My  musical tastes range from both ends of the spectrum, classical to rave music, country to metal. If I enjoy it, I listen to it. I am also lucky enough to have friends in local bands, which helps me stay plugged in with upcoming concerts in the venues that remain.

Spotlight: Karate Camp

One band I’ve been listening to a lot recently is Scranton-based indie rock band Karate Camp. Rhythm guitarist, bassist and co-lead vocalist Connor Langan describes their sound as “so hot that you can’t get them off the stove quick enough.”

Formed 2014, the band has been mainly writing and recording, with a show here or there as time and available venues permit. As back-up guitarist Dom Ludovici remembers it, “One lonely winter evening, I butchered an early Blink [182] song in Josh’s (lead guitarist and co-lead vocalist) living room, and that’s about the start of it.”

The bands influences range from The Beatles (and, really, what modern rock band doesn’t claim The Beatles as an influence?) to rapper DMX, from The Who to the pioneer punk band Fear. In a sense, all of these bands came together to form the sound that is Karate Camp.

The band went through a bit of a hiatus after the departure of bassist and vocalist Ryan Ceccacci but made up for the absence with some key changes, namely moving Ludovici to guitar from drums, and adding drummer Paul “Thor” Howe to the mix.

Though this would end up causing the band to re-record much of their previous material, they still play many of the songs so that listeners can hear the tracks as they would hear them if they saw the band perform today.

“Since Ryan’s gone now and Thor has joined, I feel like we’re starting to come into our own a bit more, though,” said lead guitarist and co-lead vocalist Josh Mann.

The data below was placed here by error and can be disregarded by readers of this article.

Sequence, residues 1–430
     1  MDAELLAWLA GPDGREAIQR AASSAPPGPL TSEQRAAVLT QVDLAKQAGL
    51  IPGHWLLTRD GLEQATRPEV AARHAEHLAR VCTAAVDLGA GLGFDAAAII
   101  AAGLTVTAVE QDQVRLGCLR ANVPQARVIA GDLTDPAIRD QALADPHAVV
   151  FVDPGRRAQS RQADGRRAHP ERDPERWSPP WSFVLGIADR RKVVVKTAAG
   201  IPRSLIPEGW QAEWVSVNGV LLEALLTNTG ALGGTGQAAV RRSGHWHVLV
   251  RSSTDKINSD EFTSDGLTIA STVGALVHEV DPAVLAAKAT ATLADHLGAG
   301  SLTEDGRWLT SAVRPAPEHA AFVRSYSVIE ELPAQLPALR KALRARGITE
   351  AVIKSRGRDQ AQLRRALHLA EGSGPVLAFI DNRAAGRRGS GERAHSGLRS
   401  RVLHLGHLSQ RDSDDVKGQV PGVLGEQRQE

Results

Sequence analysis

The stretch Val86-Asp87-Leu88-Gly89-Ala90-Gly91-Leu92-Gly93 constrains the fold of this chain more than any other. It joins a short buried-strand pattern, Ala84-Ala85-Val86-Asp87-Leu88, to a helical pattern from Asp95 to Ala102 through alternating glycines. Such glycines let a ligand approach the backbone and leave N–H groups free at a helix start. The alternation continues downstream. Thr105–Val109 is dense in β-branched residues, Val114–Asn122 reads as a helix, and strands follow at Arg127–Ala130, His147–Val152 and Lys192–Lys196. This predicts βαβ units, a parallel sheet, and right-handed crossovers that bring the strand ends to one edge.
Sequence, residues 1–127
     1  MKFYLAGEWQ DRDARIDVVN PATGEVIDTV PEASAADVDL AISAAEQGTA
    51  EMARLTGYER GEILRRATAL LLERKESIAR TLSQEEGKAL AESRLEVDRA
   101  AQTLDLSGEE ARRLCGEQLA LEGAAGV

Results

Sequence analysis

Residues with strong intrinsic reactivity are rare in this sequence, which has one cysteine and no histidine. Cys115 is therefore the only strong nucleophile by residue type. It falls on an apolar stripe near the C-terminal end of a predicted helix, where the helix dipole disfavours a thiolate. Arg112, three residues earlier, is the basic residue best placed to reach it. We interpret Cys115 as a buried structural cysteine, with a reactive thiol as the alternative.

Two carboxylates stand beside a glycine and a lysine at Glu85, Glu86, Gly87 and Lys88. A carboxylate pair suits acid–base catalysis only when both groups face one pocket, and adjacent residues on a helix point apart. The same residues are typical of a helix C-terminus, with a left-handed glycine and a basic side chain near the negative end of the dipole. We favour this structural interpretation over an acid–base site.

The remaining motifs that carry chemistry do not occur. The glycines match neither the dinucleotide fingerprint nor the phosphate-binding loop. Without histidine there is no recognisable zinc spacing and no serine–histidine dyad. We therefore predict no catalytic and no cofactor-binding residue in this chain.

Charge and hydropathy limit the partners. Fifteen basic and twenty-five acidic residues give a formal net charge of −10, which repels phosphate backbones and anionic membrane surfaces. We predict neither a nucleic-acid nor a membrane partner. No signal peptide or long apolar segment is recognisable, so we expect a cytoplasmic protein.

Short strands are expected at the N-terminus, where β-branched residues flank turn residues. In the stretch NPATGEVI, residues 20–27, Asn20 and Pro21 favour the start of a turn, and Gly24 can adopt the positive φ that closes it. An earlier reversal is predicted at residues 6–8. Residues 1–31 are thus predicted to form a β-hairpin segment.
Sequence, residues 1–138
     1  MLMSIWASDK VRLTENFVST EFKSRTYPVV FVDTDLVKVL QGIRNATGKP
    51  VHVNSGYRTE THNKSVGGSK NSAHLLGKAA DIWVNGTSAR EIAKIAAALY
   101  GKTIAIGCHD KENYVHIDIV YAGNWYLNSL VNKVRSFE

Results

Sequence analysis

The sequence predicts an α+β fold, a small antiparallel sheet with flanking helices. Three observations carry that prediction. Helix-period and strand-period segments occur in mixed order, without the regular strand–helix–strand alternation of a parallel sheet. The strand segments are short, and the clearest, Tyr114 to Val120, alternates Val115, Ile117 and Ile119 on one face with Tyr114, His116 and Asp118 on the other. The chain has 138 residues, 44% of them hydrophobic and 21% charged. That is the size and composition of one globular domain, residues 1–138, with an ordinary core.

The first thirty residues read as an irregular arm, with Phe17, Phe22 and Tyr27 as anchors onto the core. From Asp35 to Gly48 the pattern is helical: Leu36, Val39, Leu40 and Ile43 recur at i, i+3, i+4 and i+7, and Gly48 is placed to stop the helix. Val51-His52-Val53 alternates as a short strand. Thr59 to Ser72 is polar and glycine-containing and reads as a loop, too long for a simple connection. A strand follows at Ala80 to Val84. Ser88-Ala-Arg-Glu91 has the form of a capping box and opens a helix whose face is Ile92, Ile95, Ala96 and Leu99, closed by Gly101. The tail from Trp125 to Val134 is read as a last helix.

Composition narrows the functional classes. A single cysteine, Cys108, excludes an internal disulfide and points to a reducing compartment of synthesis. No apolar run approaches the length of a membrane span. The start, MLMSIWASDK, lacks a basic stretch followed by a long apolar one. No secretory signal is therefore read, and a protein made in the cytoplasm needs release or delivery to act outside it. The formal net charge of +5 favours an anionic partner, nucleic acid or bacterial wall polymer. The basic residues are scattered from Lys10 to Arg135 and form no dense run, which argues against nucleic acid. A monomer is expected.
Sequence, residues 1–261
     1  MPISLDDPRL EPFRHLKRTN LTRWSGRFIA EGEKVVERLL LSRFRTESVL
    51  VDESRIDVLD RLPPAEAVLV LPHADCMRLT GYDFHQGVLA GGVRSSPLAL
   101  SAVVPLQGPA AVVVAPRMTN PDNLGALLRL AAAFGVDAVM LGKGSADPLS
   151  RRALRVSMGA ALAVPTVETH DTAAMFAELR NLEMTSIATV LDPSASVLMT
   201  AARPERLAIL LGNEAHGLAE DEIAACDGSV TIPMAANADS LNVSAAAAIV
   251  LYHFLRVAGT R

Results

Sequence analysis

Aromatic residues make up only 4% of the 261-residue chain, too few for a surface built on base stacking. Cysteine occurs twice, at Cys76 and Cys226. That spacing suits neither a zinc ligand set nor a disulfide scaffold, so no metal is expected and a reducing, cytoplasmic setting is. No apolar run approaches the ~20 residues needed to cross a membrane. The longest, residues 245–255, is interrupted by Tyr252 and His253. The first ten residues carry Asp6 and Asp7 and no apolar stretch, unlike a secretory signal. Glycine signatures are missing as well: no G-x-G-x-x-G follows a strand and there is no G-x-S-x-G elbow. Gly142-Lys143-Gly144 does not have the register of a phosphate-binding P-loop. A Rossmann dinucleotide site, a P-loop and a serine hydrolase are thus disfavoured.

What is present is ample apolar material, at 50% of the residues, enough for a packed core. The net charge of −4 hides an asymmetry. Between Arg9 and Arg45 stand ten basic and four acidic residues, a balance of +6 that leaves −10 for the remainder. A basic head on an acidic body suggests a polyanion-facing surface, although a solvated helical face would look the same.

Their newest release is an EP (extended play) called “Ideal 2.0,” which can only be purchased  as a physical CD, though listeners can go to the band’s old bandcamp page at www. for a taste of the sound before the lineup change.

Karate Camp also has a few shows coming up, the first of which is part of the Electric City Music Conference, which is a multi-night showcase of the local music scene that has been held for several years. The event is spread over a few venues in the Scranton area as well, with Karate Camps’s set scheduled for Friday, September 16 at Lyrics Bar & Grill in Carbondale.

More information on the Electric City Music Conference, including all venues, dates, times and bands  is on

Karate Camp is also playing a Halloween-themed concert, Hallowfest II, at Nay Aug Park in Scranton on Saturday September 24.

The band is also hoping to get back into the studio soon to work on their next release. “Ideally I’d like to have our next release out by the springtime, but we’ll see what’s possible,” said Mann.

This is only the first of many more profiles of local bands and information on concerts in the area. While diminished by a lack of venues, especially those for all ages, the scene has never lost its heart or its guts, two vital things for it to have made it this far and continue to survive into the future.


Here are are some sound clips from Karate Camp:

Interest or Ignorance:

I Don’t Like it:

Mikey’s Gonna Cry: